Luigi Fortunati

2024-06-08 17:40:15 UTC

[Moderator's note: In the moderation process for this posting, I've cut

by accident the first lines of the message; so here's there complete

posting again. HvH]

In the video at minute 6:56

it states that there is no measurement that can be made to distinguish

whether youâre being accelerated or whether you are sitting still on the

surface of a planet.

So, I ask: what stops us from measuring the presence (or absence) of

tidal forces? If tidal forces are there, then we are stationary on the

surface of a planet, if they are not there, we are experiencing a

non-gravitational acceleration.

Luigi Fortunati

[Moderator's remark: One has to keep in mind that the equivalence

principle is a local concept, i.e., the equivalence between the

observations in a gravitational field and in an accelerated frame of

reference in free space refers only to very small space-time regions. A

"true gravitational field" is of course never entirely equivalent to an

accelerated frame in flat Minkowski space, because according to GR the

gravitational field leads to space-time curvature, i.e., a non-vanishing

Riemann tensor, while Minkowski space is flat, which are

coordinate-independent notions, and only such notions are physically

interpretable.

Of course tidal forces are well observable, cf. the tides on Earth,

where the name "tidal force" refers to.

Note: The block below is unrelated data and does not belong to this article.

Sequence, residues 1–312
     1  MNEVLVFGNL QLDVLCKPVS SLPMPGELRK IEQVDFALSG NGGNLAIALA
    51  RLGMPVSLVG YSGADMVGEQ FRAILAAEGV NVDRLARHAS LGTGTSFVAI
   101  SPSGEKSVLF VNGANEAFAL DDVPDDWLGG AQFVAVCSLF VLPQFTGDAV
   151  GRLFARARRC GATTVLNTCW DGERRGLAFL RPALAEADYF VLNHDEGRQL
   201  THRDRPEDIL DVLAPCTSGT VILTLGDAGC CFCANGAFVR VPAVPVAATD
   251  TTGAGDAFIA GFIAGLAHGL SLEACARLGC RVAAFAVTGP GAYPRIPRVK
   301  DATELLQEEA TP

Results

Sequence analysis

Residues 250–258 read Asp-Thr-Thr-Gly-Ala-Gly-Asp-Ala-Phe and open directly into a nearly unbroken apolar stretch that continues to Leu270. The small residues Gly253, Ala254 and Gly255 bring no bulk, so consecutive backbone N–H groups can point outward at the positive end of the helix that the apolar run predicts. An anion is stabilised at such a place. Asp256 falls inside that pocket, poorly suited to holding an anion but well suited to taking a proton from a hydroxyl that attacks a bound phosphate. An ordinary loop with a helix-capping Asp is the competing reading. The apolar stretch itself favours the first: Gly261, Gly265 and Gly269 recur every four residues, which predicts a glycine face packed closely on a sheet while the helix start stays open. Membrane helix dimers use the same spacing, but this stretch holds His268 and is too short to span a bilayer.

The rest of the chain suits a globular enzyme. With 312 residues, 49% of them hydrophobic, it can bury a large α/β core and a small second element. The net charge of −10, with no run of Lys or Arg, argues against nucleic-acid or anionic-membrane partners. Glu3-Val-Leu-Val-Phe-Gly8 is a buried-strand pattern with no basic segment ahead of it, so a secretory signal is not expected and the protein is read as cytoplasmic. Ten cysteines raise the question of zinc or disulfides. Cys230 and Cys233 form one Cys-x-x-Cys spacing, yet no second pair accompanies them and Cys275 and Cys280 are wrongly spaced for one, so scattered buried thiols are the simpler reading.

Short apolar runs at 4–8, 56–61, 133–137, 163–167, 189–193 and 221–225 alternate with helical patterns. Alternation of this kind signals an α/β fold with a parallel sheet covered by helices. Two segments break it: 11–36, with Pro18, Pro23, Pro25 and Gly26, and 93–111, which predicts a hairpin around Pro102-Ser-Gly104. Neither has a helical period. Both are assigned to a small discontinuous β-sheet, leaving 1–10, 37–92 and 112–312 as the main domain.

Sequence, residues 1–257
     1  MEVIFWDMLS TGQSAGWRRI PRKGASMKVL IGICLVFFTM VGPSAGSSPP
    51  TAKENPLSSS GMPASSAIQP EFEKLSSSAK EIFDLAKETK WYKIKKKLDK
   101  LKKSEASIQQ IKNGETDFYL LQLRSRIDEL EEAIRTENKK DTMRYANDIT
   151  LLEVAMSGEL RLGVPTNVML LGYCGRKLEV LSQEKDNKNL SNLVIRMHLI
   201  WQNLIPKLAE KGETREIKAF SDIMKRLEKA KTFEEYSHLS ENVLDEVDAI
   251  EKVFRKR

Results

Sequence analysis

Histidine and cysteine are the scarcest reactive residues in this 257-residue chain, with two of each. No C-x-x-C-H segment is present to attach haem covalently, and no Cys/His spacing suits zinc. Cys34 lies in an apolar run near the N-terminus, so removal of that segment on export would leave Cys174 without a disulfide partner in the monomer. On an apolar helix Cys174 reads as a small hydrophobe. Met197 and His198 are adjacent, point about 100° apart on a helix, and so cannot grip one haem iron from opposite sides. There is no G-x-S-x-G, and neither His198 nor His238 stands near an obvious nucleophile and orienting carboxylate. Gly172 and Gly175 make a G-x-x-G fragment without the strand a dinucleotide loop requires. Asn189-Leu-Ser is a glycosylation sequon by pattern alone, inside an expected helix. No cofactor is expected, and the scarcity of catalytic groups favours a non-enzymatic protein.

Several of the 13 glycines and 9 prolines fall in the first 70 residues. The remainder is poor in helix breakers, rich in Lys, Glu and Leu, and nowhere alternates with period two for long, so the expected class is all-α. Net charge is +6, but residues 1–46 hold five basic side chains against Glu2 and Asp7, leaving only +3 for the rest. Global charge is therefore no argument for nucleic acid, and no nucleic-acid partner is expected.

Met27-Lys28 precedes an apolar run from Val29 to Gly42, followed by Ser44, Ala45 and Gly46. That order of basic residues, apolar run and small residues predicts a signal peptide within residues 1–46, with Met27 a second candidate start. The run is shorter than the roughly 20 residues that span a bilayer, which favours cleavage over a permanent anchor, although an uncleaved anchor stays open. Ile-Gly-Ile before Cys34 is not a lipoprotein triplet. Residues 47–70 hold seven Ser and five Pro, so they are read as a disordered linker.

HvH.]

by accident the first lines of the message; so here's there complete

posting again. HvH]

In the video at minute 6:56

it states that there is no measurement that can be made to distinguish

whether youâre being accelerated or whether you are sitting still on the

surface of a planet.

So, I ask: what stops us from measuring the presence (or absence) of

tidal forces? If tidal forces are there, then we are stationary on the

surface of a planet, if they are not there, we are experiencing a

non-gravitational acceleration.

Luigi Fortunati

[Moderator's remark: One has to keep in mind that the equivalence

principle is a local concept, i.e., the equivalence between the

observations in a gravitational field and in an accelerated frame of

reference in free space refers only to very small space-time regions. A

"true gravitational field" is of course never entirely equivalent to an

accelerated frame in flat Minkowski space, because according to GR the

gravitational field leads to space-time curvature, i.e., a non-vanishing

Riemann tensor, while Minkowski space is flat, which are

coordinate-independent notions, and only such notions are physically

interpretable.

Of course tidal forces are well observable, cf. the tides on Earth,

where the name "tidal force" refers to.

HvH.]